Qualities of a Good Counselor
What qualities or attributes should you possess as a counselor in order to pass on effective messages and communication to your patient/clients?

Counseling is the application of mental health, psychological or human development principles, through cognitive, affective, behavioral or systemic intervention strategies, that address wellness, personal growth, or career development, as well as pathology. Thus counseling focuses on helping people make changes unlike guidance that focuses on helping individuals choose what they value most. Therefore a counselor is a person who gives counsel or advice.

Counselors work in diverse community settings designed to provide a variety of counseling, rehabilitation,        and support ser-vices. Their duties vary greatly, depending on their specialty, which is determined by the setting in which they work and the population they serve. Although the specific setting may have an implied scope of practice, counselors frequently are challenged with children, adolescents, adults, or families that have multiple issues, such as mental health disorders and addiction, disability and employment needs, school problem or career counseling needs, and trauma. Counselors must recognize these issues in order to provide their clients with appropriate counseling and support.

To be a good counselor you must possess the following qualities:

You need to be very patient. Go to the next step of explanation only when the patient/client has clearly understood the content of the information you are giving. Thus you need to have ample time for the client/patient.

Good Listening:
You need to be a good listener. Never interrupt what the patient/client has /is to say. Give your inputs only when the client / patient has finished talking.

You need to be very observant and able to interpret non-verbal communication e.g. if the patient/client looks angry, find out the cause of his/her anger first.

Provide non-possessive warmth in a counseling environment. Smile and show concern and acceptance to the patient/client.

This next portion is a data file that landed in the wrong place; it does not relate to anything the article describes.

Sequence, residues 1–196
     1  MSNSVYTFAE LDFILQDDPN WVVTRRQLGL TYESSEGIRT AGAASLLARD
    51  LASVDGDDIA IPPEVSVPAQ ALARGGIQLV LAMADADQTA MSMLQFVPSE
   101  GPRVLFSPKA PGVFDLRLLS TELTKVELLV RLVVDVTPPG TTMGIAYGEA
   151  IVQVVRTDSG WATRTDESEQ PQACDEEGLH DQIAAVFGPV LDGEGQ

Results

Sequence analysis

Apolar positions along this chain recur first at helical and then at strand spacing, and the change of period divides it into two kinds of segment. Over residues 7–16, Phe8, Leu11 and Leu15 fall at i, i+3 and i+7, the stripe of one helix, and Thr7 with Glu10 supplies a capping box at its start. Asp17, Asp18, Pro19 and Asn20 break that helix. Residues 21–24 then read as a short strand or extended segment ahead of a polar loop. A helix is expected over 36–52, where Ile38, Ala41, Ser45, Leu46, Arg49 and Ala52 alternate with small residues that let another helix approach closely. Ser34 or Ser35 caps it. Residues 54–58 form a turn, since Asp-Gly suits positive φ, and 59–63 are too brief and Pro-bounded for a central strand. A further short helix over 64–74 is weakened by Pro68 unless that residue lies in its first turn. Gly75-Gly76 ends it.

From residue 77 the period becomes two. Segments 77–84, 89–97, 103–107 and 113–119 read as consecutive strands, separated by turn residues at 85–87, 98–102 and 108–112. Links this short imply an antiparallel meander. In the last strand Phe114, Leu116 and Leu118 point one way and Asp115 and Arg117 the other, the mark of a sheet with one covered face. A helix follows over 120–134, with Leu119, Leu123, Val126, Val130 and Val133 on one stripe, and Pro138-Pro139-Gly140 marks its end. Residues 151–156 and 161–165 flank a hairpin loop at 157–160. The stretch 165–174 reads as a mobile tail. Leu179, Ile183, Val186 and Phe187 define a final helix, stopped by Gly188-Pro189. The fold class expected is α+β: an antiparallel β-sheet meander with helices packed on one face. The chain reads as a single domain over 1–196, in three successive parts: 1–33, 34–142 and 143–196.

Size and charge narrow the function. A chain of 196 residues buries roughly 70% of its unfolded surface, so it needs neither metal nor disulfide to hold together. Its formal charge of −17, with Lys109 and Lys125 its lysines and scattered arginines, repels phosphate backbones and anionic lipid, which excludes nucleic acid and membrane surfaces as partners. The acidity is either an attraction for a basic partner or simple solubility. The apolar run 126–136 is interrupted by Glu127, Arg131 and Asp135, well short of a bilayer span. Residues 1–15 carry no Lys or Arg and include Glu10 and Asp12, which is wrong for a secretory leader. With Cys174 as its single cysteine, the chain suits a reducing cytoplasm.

You should have good knowledge on the topic /problem e.g. compliance to medication.  Some people do not take medication for one reason or the other, while others demand drugs/medication.  For example, Muslims do not take oral medication when they are fasting while Jehovah’s witnesses do not take blood transfusion. Understanding the factors why people may not do certain activities at specific time will assist to assist them better.

Having empathy with the patient/client:
Try to understand the feelings the patient/client is having in the counseling process. In other words put yourself in his/her position.

Maintaining a therapeutic relationship with a patient:
Give the patient/client the opportunity to make his/her own decision from your message.

Although confidentiality is important in health matters it does not apply very much to all situations e.g. most people will openly say what they feel/ the problem they are having. However, ensure that you maintain confidentiality on what the patient/client tells you.  The patient/client would feel greatly offended if you disclose any information about him or her to other people.  This means that counseling must be done individually and privately.

Personal integrity:
Maintain a high degree of personal integrity, credibility and mutual trust as a counselor.

Counseling Skills
Effective counseling occurs only when there is a mutual understanding between the health worker and the patient/client which is brought about by information sharing and exchange of ideas. The qualities of a good counselor go hand in hand with good counseling skills.  In this section you shall learn about some counseling skills.

Activity 9: Counseling Skills
Before you read on, do this activity on your own. It should take you 5 minutes to complete.
List five skills you need in counseling